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Kingman, Kansas

Kingman, Kansas

The site of Kingman was on the Ninnescah crossing of the Hutchinson-Medicine Lodge Trail. There in 1872, Norman Ingraham located his house, which he had hauled from Reno County. He hoped the place would become a city and he named it Sherman. There stood the town of Sherman with one shack and one cottonwood tree, waiting to become a city. J.H. Fical and his brother started a new town at Sherman in 1874 and named it Kingman. The county, the town, and a township were all named for Samuel A. Kingman, Chief Justice of the Kansas Supreme Court. Only Sherman Street remains to remind one of the town's first name. Even the first hotel had its name changed from "The Sherman House" to the "Kingman House."

Pure rock salt was discovered in 1887 and workers moved to town, so additions to Kingman were hastily developed. This Boom-town was called the "Queen of the Ninnescah", ironic to Samuel A. Kingman's Fourth of July oration in 1878 at Kingman, "Our state history has no nobler name," said D.W. Wilder, than Kingman's and "it will live with the life of the State."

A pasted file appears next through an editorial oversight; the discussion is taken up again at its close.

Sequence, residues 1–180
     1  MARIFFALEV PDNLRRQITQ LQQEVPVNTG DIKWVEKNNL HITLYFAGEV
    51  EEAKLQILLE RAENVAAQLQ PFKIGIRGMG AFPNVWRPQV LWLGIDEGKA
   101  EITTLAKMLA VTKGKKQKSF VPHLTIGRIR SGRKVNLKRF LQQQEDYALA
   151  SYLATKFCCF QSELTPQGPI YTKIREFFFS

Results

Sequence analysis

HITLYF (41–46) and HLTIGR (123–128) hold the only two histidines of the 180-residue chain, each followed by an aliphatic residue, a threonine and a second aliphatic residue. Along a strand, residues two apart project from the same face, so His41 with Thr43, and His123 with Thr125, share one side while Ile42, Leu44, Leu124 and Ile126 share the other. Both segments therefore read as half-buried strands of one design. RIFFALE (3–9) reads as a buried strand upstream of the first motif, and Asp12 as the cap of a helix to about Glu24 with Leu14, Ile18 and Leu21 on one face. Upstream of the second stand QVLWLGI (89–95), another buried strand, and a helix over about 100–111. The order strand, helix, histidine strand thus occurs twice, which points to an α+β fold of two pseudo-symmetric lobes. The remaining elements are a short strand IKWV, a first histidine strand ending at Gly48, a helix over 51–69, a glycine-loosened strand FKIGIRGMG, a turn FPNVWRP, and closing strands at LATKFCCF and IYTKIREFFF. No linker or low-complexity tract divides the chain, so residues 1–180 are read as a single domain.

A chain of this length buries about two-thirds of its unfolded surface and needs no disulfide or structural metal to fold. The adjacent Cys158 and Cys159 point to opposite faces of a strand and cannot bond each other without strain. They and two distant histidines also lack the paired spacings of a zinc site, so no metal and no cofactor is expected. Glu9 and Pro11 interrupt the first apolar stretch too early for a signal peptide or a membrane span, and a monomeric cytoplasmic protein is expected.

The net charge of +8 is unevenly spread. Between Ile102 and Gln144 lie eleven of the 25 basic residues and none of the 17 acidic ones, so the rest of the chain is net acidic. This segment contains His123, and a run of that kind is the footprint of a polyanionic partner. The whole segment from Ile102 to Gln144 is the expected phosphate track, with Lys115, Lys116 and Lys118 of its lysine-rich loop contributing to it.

Attractions and Upcoming Events

Riverside Park

Kingman's Riverside Park is the only island park in Kansas and is complete with a walking path, baseball fields, horseshoe pits, swimming pool, two play areas, fairgrounds, rodeo arena, sand volleyball and fishing pond.

Kingman, KS Parks

Riggs/Waterloo Aboretum

Established by John Water Riggs, the Riggs Arboretum at Waterloo is perhaps the oldest and least known arboretum west of the Mississippi River. The property is in essence a large (10 acre) grove of trees, most ranging in age from 75 to 100+

Kingman, KS Arboretums

Byron Walker Wildlife Area

Hunters and non-consumptive wildlife users alike will find plenty to do on Byron Walker Wildlife Area. The habitat is diverse, including streamside woodlands, shrub plots, native prairie and food plots. Most of the grassland has been enhanced with tree and shrub cover strips adjacent to food plots.

Kingman, KS Wildlife Refuges

Kingman County Courthouse

The Kingman County Courthouse is also on the National Register and is worth a look. The stairs are massive, like many of the old courthouses, but these are really different. The railings are made of one piece of limestone that's probably close to 20 feet long and at least 12 to 18

Kingman, KS Historic Courthouses

First National Bank Building

The First National Bank building is listed on the National Register of Historical Places.

Kingman, KS Historic Buildings

Things to do near Kingman, KS

Pratt Wildlife Center & Aquarium

Housed in an 80 year old buidling, the Education Center contains numerous wildife mounts, dioramas, 12 400-gallon aquariums, ...